- 13. A good, simple camera is getting cheaper and cheaper – this Canon looks like a good buy. Don’t forget to get a memory card to go with it. Cheaper than photocopies!
- 14. 97.8% of genealogists love office supplies. OK I made that up. But this little book of sticky Redi-Tag Divider notes was love at first sight.
- 15. These Post-It tabs are great in binders.
- 16. Barbara Poole of Life from the Roots sent along an idea about custom notepads made with your genealogist’s name and a cute quip (“On the trail of the ancestors of …” or something). I’m sure many vendors offer custom pads online, or try a local store.
- 17. If your genealogist is surrounded by books, there are some bookends with index tabs that won’t get lost when the shelves fill up. Actually, the Container Store has three styles I love: Index bookends, Tower bookends with a little storage cubby, and Mod bookends.
- 18. I like magazine files, also from the Container Store. But I’m still convinced some charming ones could be handmade – some people cut and cover cereal boxes.
- 19. Evidence Explained: Citing History Sources from Artifacts to Cyberspace by Elizabeth Shown Mills. The bible.
- 20. Elements of Genealogical Analysis by Robert Charles Anderson. This is new.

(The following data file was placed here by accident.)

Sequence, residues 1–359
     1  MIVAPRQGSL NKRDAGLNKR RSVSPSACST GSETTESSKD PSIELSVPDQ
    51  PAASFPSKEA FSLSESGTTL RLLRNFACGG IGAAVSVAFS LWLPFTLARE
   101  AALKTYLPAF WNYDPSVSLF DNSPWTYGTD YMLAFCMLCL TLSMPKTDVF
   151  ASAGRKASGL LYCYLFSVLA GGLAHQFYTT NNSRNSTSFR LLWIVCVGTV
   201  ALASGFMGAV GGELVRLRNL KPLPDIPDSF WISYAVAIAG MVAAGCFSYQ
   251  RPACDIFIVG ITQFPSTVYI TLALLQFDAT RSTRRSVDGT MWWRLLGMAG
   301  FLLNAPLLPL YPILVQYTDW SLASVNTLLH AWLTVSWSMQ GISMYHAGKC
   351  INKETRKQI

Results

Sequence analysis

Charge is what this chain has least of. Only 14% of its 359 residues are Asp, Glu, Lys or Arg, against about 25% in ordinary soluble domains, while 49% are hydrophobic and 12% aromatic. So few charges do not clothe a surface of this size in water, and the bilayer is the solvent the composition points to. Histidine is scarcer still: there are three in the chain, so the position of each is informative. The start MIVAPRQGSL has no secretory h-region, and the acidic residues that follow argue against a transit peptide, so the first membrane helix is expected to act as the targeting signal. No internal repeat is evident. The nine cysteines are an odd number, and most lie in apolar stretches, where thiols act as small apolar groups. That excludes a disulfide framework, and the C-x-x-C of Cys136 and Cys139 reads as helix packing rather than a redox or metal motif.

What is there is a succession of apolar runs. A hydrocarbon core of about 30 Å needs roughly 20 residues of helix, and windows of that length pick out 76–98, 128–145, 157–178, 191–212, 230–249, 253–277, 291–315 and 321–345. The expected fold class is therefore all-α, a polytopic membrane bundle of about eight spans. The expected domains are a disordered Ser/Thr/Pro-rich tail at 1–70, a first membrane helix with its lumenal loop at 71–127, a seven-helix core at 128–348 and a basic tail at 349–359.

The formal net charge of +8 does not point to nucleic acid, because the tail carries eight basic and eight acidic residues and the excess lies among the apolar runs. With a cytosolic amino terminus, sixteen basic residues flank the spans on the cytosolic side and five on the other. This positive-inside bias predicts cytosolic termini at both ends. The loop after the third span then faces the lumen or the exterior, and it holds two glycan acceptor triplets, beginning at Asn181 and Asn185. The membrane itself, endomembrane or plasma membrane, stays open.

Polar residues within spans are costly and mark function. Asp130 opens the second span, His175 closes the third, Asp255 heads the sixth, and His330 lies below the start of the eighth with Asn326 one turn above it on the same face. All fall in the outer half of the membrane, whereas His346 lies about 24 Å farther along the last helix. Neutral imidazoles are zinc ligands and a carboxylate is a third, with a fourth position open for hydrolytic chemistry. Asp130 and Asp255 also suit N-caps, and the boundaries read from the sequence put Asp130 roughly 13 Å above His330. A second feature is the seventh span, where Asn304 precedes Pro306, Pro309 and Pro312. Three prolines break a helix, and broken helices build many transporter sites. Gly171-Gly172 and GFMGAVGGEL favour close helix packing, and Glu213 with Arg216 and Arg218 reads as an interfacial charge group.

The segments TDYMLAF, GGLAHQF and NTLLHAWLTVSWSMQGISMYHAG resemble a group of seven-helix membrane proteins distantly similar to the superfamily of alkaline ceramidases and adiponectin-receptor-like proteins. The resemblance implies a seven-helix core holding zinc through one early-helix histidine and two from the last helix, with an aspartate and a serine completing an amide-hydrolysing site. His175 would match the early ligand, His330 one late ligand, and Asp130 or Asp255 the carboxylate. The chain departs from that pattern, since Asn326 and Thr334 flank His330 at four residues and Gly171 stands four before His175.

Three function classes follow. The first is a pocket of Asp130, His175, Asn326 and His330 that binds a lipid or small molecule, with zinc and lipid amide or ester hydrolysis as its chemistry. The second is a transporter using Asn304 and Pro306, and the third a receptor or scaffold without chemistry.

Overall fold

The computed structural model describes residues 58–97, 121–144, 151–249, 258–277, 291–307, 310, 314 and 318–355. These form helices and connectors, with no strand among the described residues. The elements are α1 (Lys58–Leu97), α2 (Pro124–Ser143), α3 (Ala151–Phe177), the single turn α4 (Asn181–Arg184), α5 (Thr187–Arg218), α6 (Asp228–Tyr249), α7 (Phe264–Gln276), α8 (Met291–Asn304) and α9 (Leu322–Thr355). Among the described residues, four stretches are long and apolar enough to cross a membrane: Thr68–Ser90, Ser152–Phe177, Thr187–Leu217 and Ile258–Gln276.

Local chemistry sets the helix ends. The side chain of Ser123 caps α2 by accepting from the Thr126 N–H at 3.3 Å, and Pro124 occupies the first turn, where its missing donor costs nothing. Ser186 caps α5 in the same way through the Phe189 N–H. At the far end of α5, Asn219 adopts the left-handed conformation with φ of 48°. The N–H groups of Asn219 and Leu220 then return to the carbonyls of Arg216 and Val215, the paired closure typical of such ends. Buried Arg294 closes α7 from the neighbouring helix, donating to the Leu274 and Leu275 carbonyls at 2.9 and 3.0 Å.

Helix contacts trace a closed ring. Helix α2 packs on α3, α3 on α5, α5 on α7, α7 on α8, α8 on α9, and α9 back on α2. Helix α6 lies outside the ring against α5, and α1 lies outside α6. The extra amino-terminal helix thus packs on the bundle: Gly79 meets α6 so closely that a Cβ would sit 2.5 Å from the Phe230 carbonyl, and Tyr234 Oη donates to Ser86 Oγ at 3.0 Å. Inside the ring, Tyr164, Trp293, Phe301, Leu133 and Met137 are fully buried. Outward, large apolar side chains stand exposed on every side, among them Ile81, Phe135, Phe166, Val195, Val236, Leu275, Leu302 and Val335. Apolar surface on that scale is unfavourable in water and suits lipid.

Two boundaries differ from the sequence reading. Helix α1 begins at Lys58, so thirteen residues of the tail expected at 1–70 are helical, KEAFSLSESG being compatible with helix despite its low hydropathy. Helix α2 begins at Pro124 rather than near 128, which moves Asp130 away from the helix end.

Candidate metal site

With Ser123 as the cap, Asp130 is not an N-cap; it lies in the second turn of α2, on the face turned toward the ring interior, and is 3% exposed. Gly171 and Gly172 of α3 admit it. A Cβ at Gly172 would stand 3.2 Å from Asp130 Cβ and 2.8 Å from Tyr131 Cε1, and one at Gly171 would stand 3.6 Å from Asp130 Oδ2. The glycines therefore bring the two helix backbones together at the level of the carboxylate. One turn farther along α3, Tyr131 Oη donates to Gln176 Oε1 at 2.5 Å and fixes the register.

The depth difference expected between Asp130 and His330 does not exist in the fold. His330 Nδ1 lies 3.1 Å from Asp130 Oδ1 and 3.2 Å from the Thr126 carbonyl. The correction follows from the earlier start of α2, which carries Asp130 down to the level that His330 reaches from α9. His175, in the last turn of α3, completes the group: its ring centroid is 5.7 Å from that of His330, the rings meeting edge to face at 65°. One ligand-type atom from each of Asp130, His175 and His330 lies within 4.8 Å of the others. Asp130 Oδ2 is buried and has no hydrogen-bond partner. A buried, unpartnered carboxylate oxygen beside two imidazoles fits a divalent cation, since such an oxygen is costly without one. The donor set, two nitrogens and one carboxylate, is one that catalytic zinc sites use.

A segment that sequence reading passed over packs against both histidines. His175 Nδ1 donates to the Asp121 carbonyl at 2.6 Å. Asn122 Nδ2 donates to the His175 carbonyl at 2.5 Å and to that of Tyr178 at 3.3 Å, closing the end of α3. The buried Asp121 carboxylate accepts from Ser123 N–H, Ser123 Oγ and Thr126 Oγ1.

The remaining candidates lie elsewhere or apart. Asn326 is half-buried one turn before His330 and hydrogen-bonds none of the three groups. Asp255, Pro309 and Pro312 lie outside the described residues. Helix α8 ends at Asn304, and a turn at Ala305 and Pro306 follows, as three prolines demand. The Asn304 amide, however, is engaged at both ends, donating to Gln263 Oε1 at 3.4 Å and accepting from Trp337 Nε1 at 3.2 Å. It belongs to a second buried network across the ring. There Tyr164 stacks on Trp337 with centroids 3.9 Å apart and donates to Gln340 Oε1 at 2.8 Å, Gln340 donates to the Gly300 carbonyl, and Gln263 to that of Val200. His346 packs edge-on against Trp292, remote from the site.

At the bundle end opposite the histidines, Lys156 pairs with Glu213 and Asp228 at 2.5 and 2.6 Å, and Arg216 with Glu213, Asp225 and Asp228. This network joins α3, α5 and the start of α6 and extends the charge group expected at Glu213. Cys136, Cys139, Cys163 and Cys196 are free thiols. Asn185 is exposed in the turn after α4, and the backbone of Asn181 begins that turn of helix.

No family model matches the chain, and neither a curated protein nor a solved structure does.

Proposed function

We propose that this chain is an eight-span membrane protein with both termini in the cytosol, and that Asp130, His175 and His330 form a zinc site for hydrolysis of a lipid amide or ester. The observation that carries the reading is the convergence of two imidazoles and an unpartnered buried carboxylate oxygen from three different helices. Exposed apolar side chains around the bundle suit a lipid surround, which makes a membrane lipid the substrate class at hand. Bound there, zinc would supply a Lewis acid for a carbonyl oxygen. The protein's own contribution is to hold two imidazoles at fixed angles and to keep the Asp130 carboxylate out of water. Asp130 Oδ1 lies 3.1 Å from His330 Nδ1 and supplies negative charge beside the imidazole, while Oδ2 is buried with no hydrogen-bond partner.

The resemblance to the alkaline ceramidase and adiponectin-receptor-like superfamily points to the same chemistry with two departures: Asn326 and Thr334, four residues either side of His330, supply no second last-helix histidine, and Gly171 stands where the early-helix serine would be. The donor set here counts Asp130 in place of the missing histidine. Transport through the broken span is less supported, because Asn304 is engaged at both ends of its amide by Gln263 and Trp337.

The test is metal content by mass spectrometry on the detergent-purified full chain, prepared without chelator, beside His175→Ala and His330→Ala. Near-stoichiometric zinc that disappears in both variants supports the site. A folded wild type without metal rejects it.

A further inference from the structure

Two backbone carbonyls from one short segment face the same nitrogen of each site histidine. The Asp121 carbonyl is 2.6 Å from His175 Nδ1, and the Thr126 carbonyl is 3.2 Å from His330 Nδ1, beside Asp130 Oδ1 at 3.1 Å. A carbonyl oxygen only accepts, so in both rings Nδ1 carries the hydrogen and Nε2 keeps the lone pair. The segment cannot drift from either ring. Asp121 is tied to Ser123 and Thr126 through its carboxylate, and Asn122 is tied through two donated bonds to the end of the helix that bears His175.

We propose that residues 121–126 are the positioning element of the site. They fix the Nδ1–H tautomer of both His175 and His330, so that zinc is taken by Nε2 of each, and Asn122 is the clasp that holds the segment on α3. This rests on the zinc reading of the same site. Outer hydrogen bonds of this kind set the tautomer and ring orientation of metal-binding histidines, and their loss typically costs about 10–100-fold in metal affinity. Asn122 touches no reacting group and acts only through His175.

- 21. Guide to Genealogical Writing, 3rd Edition by Penelope L. Stratton and Henry B. Hoff.
- 22. Guide to Published Genealogies in the Library of the New England Historic Genealogical Society, published 2012. This book is a little expensive, but it’s so nice to have a guide at home to the full range of compiled genealogies. Then the genealogist can figure out where to find the books needed.
- 23. If you have deep pockets, and you want to give your favorite genealogist the absolute perfect out of print book about the exact family or location (“for the entire United States, Canada, England, Ireland, Scotland, and more”) they’re researching, there’s actually a way to do that! Buy the NEHGS Classic Reprints Catalog for $12.95. It comes with a credit for $12.95 towards the purchase of a custom reprinted book from the 12,000 mentioned in the catalog. You could consider a gift certificate to go with it (it would probably be another $30 – $50 or more to get the book) and your genealogist would be all set to choose and order the perfect reprint. But even a thrifty genealogist could use this book to locate pre-1923 volumes that are available online.
- 24. The idea of heritage cookbooks was sent to me by Wendy Grant Walter. She recently purchased Great German Recipes and said: “in it are many dishes that I remember having as a kid that I assume my mom learned from her 1st generation German mom.” At that same link many other cultures are covered, too.
- 25. Genealogy Standards: 50th Anniversary Edition (2014) - Board for Certification of Genealogists.
- 26. On Your Own: How to design and construct a family history book to inform & captivate readers by Elayne and Stephen Denker (see a review here at The In-Depth Genealogist)